"Driving etiquette should become a part of our life. It is the duty of one and all to be courteous on the road and follow traffic rules. Good manners will drastically reduce the number of road accidents," opines Khalid Yousuf Al Balushi, Chief Safety Officer at the Oman Automobile Association.
He feels that drivers of his generation were careful and were afraid to commit errors. It was a time when drivers were courteous, and stayed alert till they were behind the wheel. According to him, the scenario began to change when most of the single lane carriageways were converted to multi-lane, state-of-the-art roads. Recklessness became a common feature with the advent of sophisticated vehicles fully loaded with innovative features.
"Youngsters do not have enough avenues to release their pent-up energy. When they get behind the wheel they tend to break the rules. The Oman Automobile Association provides them the much-needed avenue for adrenaline rush. They can utilise karting, drifting, rally arenas inside our campus to use their energy positively," he says.
Khalid believes that every one should try their best to avoid blowing horns, and should lay their hands on it depending upon the situation. "A short horn can be used to alert the other driver for minor issues. It can be used if the children in the back seat put their head out, if you notice some thing wrong with the other vehicle. But, if you hold off on the horn for a considerable amount of time, it will annoy other motorists and may cause accidents. It is a kind of 'shouting', and that is why many people do not like long horns."
Mudhar also says that honking is against the culture of Oman. "It is not allowed unless there is a social event. There are fines for honking, tailgating and other offences, starting from RO 15. It can go up if the driver's action results in accident. Depending upon the severity of the accident, the driver can be banned from driving for six months, sent to jail or the vehicle taken to custody for 48 hours to two weeks. Police send the offenders to the court in most of the cases."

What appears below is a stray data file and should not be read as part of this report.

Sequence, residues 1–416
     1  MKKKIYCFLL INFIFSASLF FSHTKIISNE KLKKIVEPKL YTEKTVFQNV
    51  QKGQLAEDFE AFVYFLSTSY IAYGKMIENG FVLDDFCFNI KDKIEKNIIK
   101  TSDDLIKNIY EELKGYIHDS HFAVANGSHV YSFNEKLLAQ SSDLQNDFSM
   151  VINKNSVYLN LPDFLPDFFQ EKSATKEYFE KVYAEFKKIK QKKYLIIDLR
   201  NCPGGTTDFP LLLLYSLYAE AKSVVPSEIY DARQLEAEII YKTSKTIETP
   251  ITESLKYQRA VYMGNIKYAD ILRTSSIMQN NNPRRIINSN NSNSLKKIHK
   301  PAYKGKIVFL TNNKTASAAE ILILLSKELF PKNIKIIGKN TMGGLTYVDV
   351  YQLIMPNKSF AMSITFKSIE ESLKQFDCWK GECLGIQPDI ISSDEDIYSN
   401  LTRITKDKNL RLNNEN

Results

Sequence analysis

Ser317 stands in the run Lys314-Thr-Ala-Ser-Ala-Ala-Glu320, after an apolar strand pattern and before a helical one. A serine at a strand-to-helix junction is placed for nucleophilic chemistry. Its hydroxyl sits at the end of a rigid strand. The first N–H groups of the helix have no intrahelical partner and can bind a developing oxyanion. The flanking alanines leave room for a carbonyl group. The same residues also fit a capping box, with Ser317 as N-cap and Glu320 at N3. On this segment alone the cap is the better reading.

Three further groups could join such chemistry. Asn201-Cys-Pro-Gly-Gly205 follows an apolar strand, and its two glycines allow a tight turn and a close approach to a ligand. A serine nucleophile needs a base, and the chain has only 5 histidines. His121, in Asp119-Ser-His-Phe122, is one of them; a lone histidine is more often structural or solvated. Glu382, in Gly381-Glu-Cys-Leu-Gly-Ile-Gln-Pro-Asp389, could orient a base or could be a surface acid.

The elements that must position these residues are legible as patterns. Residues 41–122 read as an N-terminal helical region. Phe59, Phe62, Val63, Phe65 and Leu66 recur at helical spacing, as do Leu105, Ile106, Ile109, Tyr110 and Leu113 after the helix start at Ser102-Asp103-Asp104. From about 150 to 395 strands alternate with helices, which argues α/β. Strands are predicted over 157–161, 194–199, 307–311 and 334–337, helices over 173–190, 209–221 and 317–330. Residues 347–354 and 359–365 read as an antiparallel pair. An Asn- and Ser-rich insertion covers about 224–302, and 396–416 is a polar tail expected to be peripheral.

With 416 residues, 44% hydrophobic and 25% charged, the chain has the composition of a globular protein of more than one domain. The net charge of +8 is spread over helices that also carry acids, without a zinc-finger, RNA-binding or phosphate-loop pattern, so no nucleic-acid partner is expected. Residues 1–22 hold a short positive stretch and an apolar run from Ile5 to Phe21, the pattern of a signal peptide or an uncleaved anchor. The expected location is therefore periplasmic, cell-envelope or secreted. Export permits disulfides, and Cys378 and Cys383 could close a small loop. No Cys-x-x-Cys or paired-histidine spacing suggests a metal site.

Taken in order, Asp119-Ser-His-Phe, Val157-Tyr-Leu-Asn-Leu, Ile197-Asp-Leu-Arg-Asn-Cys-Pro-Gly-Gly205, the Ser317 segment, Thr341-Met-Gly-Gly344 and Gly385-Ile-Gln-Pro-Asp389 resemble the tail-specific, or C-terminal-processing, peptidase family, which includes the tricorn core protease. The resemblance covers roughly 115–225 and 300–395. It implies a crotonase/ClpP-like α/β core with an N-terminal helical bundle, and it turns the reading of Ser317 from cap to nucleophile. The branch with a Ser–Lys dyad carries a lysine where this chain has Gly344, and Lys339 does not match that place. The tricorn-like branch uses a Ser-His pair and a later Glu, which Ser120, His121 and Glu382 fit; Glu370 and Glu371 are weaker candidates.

"If two drivers engage in a quarrel in the middle of the road, both of them will be responsible in front of the law and they risk losing their licence to drive. Youngsters are aggressive, but we are still better than our neighbouring countries. Many stringent rules that are in the pipeline are expected to curb the offences. We have witnessed a drastic drop in the number of traffic offences with the introduction of new cameras and police patrols," he informs.
A section of motorists in the city when asked about the most annoying offences on the road which go unpunished stated 'tailgating' as the most common. There was a consensus that tailgating in indulged in mostly by young drivers irrespective of the type of cars they drive. Then there was common opinion against those who drive the roaring fast cars who do so with an intention of intimidating others on the road as well as to turn attention towards them. Some residents also pointed out that it was common practice for young drivers to harass female drivers by blocking their way, making passes or following them.
Motorists hailing from different countries, including Omanis, were also of the opinion that most pranks on the road are played in the absence of vigilance. By stepping up vigilance and having more police patrol vehicles stationed at strategic points along the roads, pranksters would be in check, most felt.